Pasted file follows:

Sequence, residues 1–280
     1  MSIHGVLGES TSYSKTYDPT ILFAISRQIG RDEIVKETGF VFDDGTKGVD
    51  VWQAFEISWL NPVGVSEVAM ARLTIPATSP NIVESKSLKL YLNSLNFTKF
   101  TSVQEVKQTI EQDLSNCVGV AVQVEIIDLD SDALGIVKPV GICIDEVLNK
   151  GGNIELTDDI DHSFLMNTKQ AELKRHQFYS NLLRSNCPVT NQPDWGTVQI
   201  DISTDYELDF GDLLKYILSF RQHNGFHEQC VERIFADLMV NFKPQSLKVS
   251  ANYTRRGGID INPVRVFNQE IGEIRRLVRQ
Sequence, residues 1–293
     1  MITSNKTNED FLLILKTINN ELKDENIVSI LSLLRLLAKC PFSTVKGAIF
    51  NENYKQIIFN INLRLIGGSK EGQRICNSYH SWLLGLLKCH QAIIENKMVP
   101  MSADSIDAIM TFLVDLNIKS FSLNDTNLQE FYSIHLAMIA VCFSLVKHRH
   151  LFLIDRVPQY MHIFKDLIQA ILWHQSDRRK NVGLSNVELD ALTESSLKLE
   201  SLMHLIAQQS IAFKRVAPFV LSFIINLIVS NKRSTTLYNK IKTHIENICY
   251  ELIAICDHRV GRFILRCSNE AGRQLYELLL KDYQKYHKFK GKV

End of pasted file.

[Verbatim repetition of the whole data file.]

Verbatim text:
Sequence, residues 1–280
     1  MSIHGVLGES TSYSKTYDPT ILFAISRQIG RDEIVKETGF VFDDGTKGVD
    51  VWQAFEISWL NPVGVSEVAM ARLTIPATSP NIVESKSLKL YLNSLNFTKF
   101  TSVQEVKQTI EQDLSNCVGV AVQVEIIDLD SDALGIVKPV GICIDEVLNK
   151  GGNIELTDDI DHSFLMNTKQ AELKRHQFYS NLLRSNCPVT NQPDWGTVQI
   201  DISTDYELDF GDLLKYILSF RQHNGFHEQC VERIFADLMV NFKPQSLKVS
   251  ANYTRRGGID INPVRVFNQE IGEIRRLVRQ
Sequence, residues 1–293
     1  MITSNKTNED FLLILKTINN ELKDENIVSI LSLLRLLAKC PFSTVKGAIF
    51  NENYKQIIFN INLRLIGGSK EGQRICNSYH SWLLGLLKCH QAIIENKMVP
   101  MSADSIDAIM TFLVDLNIKS FSLNDTNLQE FYSIHLAMIA VCFSLVKHRH
   151  LFLIDRVPQY MHIFKDLIQA ILWHQSDRRK NVGLSNVELD ALTESSLKLE
   201  SLMHLIAQQS IAFKRVAPFV LSFIINLIVS NKRSTTLYNK IKTHIENICY
   251  ELIAICDHRV GRFILRCSNE AGRQLYELLL KDYQKYHKFK GKV